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ESL forum > Techniques and methods in Language Teaching > Word of the Day "APRICATE", 2nd Shift    

Word of the Day "APRICATE", 2nd Shift

United Kingdom

Word of the Day "APRICATE", 2nd Shift


This is today�s �Word of the Day� for the Second Shift.  Is this Word a noun, verb, adjective, adverb, or what?

We�ve had some fun with the answers so far.  Here is a link to the replies from the First Shift.


Come on!  Join in and let�s hear from your part of the world!  Try to define its meaning in the wittiest, most comical, or most stupid way.  If you know what it means, don�t tell us, please, but give us a daft definition of it, instead.

The Member with the best definition will go on and choose tomorrow�s Word.  The Winner will be announced at Midnight, Spanish Time.  

Remember, NO INTERNET, NO DICTIONARIES � just ideas from your head!

The Word is �Apricate�.

Good Luck!


17 Oct 2010      

United Kingdom

In phonetics, an apricate is an affricate which is bursting for the toilet. So instead of the stern injunction �Watch it!�, what you hear is the pathetically confused �Wossit?�.

17 Oct 2010     


For me it means to applicate the apricot straight into your mouth (i.e. put the fruit in one �s oral cavity):):):):):):):):):):)

17 Oct 2010     


some kind of abreviation:apricate
apricots I hate
apricots I ate
a prick (not slang Embarrassed) that made me suffocate (when sewing)
appreciate (in texting)
approve to confiscate (among cops)
approach and defecate (instruction in the toilet of secret services)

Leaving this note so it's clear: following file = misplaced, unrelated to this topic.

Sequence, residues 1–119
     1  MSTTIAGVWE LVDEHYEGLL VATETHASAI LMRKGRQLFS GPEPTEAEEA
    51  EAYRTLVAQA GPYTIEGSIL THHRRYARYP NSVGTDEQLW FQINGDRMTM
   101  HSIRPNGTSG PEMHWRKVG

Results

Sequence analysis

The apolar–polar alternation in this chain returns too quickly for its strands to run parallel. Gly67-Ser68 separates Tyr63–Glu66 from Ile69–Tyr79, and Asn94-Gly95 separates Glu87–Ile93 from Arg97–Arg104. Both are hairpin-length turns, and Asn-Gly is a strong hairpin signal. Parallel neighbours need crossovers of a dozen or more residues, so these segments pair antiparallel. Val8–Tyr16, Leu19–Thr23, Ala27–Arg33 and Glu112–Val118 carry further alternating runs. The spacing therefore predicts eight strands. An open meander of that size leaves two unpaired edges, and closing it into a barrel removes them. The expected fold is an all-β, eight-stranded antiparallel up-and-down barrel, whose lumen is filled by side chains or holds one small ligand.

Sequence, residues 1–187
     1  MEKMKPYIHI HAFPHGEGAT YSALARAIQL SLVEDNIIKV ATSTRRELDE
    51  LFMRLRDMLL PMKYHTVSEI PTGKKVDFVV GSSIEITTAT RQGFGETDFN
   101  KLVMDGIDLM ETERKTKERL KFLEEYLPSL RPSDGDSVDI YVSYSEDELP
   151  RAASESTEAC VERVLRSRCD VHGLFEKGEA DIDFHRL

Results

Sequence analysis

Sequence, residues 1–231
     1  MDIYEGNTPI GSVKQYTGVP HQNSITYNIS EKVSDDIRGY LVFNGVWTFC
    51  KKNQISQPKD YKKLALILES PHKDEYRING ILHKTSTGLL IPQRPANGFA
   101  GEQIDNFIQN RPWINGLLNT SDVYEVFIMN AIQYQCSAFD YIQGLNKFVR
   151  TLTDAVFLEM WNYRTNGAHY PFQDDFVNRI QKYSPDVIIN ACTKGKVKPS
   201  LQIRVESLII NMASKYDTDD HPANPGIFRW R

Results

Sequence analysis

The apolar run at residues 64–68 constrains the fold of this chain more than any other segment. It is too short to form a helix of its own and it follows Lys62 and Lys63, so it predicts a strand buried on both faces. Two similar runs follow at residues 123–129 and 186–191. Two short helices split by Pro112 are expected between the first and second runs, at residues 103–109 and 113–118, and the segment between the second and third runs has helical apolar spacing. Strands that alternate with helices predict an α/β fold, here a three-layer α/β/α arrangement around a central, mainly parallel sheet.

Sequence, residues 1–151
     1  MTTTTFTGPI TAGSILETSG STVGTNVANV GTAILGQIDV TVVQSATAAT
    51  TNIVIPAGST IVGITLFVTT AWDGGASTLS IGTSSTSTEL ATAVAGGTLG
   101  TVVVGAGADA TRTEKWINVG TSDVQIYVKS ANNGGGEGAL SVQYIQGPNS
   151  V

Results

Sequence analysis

appearances that cause to mate
You see, it all depends on the context. It �s a multifaceted term, really.

17 Oct 2010     



It �s the nickname for a person whose name is Cate/Kate and was born in the month of April ;)

17 Oct 2010     

Czech Republic

ueslteacher Clap

18 Oct 2010     

United States

With the traditional American Halloween just around the corner, I feel this word is very fitting.  Traditionally, in America if one goes trick or treating at a house and receives no treat that house is subjected to a trick.  This trick quite often involves donnng the house with eggs (preferably rotten) and toilet paper.
As we all know, traditions change as they are imported to other countries and cultures.  Often these differences are based on the conditions at the new location.  This is how we come upon the word apricate.
In a small rural area of a miniscule country whose name is hardly worth mentioning a "world traveller" went tot he USA and experienced Halloween first-hand.  He was so enamored by the idea that he brought it home to his miniscule land.  In this land chickens are worshipped so the thought of throwing eggs was appalling.  Because they are of similar size and weight, they are quite abundant in this land, and they have a similarly terrible stench when rotten, the young man subsituted the eggs for apricots.  They young rapscalions of the town loved th eidea and to this day in our small far-off land apricating houses is a time-honored tradition.
"Hey Joey, let �s go apricate ole man Geezer �s house, he �s not giving out candy this year."

18 Oct 2010